It was too late to do anything by the time I noticed that there was a fox running away from Fluffernut’s cage. I swore under my breath, and then quickly looked over at Annie to see if she had heard. She was sitting on the overstuffed couch holding a bowl of Cheerios in her lap, completely absorbed by the television. I wasn’t sure what she was watching; it was loud and frenetic, like everything meant for children. Her most recent obsession was Phineas and Ferb, a show about a boy and his British cousin getting into trouble. Annie liked to hum along to the songs. She would wiggle back and forth on the couch, mouthing the words even when she didn’t know them. I had let her dress herself that morning, so she was adorned with a tiara, her rainbow striped knee high socks, a green tutu over a pair of jean shorts, and a sweater my best friend Candice had knit for her that was embellished with two cupcakes. She looked like a mental patient.
I sat down on the piano bench and pulled on my shoes. Best to take care of it right away, I thought. I had never wanted the damn rabbit in the first place. What I had failed to realize was exactly how persuasive a six year old girl can be. Annie had waged a campaign the likes of which couldn’t have been matched by Coca Cola or Progressive. Pictures of rabbits with little hearts drawn all over them had appeared everywhere in the house: in my bed; in the shower; shoved in every drawer of the kitchen. I had no idea where she found them all. She had begged, latching on to my leg and clinging like a leech, bombarding me with facts about rabbits. When I finally caved, she did three laps around the house, stopping to squeal for joy in each room. Of course, as soon as we got Fluffernut, Annie lost interest and I was stuck taking care of what amounted to a vicious, bitey little Gund animal.
I grabbed a trash bag and my gardening gloves just in case, and stepped into the early morning sunshine. It was a bright fall day; the air was crisp and smelled like expectation. It was the time of year for cider and pumpkin pie and campfires. Not the time of year for introducing your daughter to her first experience with death.
I approached the cage hesitantly as if Fluffernut would return from the dead like Bunnicula. The wire of the cage was ripped apart on the bottom and I winced when I saw bits of white fur clinging to the edges. I leaned over and peered inside. The cage was empty. Thank god for small favors. I shoved on my gloves and reached my arm in; waving it around inside to make sure that somehow the rabbit hadn’t hidden in a corner. Nothing doing; Fluffernut was decidedly gone. “This rabbit is no more,” I said to myself in a terrible cockney accent. Just in case, I wandered around our garden, hoping not to stumble across the grisly corpse of what had once been my daughter’s pet.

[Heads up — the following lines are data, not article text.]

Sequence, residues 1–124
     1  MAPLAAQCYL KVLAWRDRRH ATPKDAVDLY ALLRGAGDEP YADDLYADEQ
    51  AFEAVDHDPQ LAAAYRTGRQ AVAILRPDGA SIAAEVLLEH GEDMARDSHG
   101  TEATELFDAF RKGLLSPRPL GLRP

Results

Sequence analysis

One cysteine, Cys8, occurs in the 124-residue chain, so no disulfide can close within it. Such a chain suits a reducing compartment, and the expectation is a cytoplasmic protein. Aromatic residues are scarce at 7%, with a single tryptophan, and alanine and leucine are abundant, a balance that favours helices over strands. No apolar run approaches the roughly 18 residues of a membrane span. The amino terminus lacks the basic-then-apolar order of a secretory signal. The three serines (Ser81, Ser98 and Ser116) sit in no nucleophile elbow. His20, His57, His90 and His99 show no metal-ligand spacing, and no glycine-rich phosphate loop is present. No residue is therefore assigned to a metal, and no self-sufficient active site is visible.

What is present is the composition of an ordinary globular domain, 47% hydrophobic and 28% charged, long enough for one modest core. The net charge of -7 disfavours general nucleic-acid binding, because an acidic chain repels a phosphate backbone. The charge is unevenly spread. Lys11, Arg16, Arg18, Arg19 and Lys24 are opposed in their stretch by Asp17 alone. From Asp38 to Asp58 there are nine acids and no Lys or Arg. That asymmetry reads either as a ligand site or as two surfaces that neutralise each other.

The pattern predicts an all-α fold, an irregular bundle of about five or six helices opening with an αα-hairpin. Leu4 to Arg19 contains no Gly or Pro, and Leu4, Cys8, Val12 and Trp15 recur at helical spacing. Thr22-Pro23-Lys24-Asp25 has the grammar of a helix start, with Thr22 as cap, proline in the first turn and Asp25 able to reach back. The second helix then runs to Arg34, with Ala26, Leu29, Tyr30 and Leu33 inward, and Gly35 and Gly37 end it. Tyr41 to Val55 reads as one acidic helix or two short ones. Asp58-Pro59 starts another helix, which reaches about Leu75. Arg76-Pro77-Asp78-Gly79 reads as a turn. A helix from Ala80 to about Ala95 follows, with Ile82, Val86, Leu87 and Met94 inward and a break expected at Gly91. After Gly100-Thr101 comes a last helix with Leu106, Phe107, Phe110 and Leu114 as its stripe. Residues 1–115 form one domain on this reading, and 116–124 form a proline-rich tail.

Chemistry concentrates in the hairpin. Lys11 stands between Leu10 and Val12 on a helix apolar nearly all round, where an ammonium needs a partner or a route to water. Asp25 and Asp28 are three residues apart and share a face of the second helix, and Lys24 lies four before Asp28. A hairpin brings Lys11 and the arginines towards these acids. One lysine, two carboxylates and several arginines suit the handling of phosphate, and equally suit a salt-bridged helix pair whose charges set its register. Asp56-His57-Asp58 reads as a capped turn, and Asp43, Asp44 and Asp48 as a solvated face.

Satisfied that Annie wouldn’t inadvertently come across a murder scene, I went back inside. Annie was still glued to the television. She had eaten maybe four Cheerios in the time I was outside. I decided to let her finish her show before I said anything. She glanced over at me and smiled, then went back to her show. My heart broke a little bit for her.
Finally, the credits came on and a I grabbed the remote, turning off the television before she got sucked into the next show.
“Annie-bean, I have to tell you something,” I said. I patted the couch next to me, inviting her to slide over. She immediately looked wary. She carefully placed her bowl of Cheerios on the coffee table, only spilling a little bit of milk, and then cuddled up to me. Poor kids had a rough year, I thought, so have I for that matter. I tried to choose my words carefully.
“Annie, Fluffernut is gone sweetheart.” Like ripping off a band aid. Annie looked puzzled for a moment, then panicked.
“Where?” She demanded, pulling back from me. I let go of her.